TRUSTED COMMONS: WHY “OLD” SOCIAL MEDIA MATTER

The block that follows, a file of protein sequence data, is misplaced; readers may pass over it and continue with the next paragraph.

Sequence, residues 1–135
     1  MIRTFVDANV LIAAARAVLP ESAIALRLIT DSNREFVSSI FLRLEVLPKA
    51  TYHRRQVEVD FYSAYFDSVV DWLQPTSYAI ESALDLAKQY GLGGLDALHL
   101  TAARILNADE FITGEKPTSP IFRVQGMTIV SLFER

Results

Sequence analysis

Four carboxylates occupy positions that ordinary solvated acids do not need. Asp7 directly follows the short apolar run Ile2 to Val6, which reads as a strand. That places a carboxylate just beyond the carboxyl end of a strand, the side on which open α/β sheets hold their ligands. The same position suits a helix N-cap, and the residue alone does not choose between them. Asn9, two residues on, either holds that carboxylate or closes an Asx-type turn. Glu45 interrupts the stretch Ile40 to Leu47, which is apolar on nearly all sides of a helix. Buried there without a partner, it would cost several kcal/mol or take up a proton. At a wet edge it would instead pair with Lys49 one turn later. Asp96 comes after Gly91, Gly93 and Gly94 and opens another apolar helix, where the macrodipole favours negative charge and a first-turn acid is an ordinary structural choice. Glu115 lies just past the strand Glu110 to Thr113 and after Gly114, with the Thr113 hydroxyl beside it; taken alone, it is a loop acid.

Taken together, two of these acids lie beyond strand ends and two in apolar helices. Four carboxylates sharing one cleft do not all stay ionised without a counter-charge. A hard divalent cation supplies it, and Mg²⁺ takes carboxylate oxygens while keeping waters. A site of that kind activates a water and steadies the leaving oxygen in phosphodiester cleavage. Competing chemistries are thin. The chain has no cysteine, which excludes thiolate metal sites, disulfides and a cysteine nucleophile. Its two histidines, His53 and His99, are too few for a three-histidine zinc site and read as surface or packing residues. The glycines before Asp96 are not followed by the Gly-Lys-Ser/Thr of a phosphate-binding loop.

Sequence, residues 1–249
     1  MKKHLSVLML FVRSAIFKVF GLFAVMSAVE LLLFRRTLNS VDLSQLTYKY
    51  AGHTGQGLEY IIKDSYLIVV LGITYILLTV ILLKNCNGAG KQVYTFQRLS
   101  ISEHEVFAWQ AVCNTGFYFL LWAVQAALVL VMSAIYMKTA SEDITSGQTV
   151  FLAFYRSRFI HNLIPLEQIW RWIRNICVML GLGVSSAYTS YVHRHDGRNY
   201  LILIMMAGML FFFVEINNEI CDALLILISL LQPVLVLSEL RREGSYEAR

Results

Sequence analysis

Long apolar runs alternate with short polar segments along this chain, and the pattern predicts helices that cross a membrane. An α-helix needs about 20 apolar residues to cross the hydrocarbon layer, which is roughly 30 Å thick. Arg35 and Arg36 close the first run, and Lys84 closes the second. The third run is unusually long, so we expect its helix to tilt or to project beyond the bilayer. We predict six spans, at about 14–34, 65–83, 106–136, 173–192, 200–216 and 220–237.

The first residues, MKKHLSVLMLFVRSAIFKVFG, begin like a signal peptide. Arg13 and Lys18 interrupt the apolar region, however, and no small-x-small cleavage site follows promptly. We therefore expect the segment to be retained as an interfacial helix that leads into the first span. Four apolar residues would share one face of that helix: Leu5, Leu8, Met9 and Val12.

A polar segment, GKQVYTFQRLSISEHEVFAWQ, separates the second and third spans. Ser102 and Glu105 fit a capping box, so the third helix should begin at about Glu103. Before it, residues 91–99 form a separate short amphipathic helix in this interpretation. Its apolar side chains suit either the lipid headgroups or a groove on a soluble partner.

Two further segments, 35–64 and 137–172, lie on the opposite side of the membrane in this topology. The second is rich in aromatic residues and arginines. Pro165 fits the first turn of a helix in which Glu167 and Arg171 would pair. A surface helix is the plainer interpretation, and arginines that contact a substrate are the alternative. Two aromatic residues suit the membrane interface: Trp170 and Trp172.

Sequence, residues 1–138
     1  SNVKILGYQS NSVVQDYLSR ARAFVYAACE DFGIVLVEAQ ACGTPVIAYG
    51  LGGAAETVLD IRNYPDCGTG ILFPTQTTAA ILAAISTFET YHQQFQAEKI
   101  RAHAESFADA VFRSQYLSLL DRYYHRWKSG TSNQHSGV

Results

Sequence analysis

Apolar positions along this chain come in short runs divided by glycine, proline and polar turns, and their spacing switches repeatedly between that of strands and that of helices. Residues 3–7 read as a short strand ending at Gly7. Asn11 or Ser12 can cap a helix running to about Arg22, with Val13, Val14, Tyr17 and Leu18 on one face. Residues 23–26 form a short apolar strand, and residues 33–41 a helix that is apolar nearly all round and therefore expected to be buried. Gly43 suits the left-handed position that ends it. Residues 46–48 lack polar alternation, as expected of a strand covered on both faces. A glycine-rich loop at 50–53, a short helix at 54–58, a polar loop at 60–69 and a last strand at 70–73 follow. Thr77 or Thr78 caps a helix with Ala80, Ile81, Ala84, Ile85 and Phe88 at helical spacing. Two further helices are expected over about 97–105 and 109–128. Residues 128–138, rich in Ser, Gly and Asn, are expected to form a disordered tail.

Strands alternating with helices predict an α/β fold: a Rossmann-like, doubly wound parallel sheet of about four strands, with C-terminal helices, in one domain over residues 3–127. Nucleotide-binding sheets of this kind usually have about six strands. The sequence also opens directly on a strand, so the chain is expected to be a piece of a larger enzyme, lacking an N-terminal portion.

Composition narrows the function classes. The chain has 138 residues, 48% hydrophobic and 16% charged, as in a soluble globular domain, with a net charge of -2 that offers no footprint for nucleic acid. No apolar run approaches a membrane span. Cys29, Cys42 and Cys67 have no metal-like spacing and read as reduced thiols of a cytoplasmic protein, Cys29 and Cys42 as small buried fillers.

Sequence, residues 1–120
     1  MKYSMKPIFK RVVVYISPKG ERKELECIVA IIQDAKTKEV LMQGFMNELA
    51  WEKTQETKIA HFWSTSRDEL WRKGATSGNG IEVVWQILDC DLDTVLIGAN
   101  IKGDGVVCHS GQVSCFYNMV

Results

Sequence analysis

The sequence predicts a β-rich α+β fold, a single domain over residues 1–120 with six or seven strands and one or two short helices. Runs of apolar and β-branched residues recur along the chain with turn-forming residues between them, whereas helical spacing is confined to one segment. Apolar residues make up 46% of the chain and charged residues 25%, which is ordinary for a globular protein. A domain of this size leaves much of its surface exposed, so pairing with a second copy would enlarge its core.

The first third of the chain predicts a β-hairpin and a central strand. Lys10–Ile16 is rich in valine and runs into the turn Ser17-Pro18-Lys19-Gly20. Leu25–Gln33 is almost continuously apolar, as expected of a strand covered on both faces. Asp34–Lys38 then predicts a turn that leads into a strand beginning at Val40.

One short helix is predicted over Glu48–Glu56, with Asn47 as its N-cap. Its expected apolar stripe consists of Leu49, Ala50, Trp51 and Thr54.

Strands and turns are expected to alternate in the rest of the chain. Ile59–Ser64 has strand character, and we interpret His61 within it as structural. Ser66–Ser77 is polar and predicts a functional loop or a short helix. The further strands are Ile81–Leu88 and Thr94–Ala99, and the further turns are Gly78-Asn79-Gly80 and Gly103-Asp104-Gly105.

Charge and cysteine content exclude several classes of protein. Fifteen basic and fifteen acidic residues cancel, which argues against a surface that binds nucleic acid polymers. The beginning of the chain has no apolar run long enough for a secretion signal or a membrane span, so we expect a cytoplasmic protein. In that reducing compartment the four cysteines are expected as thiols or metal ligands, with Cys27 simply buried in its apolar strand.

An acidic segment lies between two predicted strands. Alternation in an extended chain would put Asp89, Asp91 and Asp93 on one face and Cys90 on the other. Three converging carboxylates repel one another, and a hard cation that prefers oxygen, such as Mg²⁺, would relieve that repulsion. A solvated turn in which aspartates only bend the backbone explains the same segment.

Internet Studies scholarship tends to focus on new and hegemonic digital media, overlooking persistent uses of “older”, non-proprietary protocols and applications by some social groups who are key to configuring the nexus between technology and society. In response, we examine the contemporary political significance of using “old” social media through the empirical case of Internet Relay Chat (IRC) use. We advance a critique of platforms (closed, centralised, hegemonic social media) that we contrast with co-constructed devices that deeply involve users in their technological design and social construction. As a contemporary but long used online chat protocol, IRC serves as an important source for the critique of the currently hegemonic — but increasingly distrusted — infrastructures of computer-mediated communication. Drawing on Boltanski and Chiapello’s theory of critique and recuperation, we contrast the uses and underlying social norms of IRC with those of currently mainstream social media platforms. We claim that certain technical limitations that actors of IRC development did not feel necessary to address have kept it from incorporation into regimes of capital accumulation and social control, but also hindered its mass adoption. Ultimately, IRC continues to serve social groups key to the collaborative production of software, hardware and politics. While the general history of digital innovations illustrates the logic of critique and recuperation, our case study highlights the possibilities and pitfalls of resistance to it.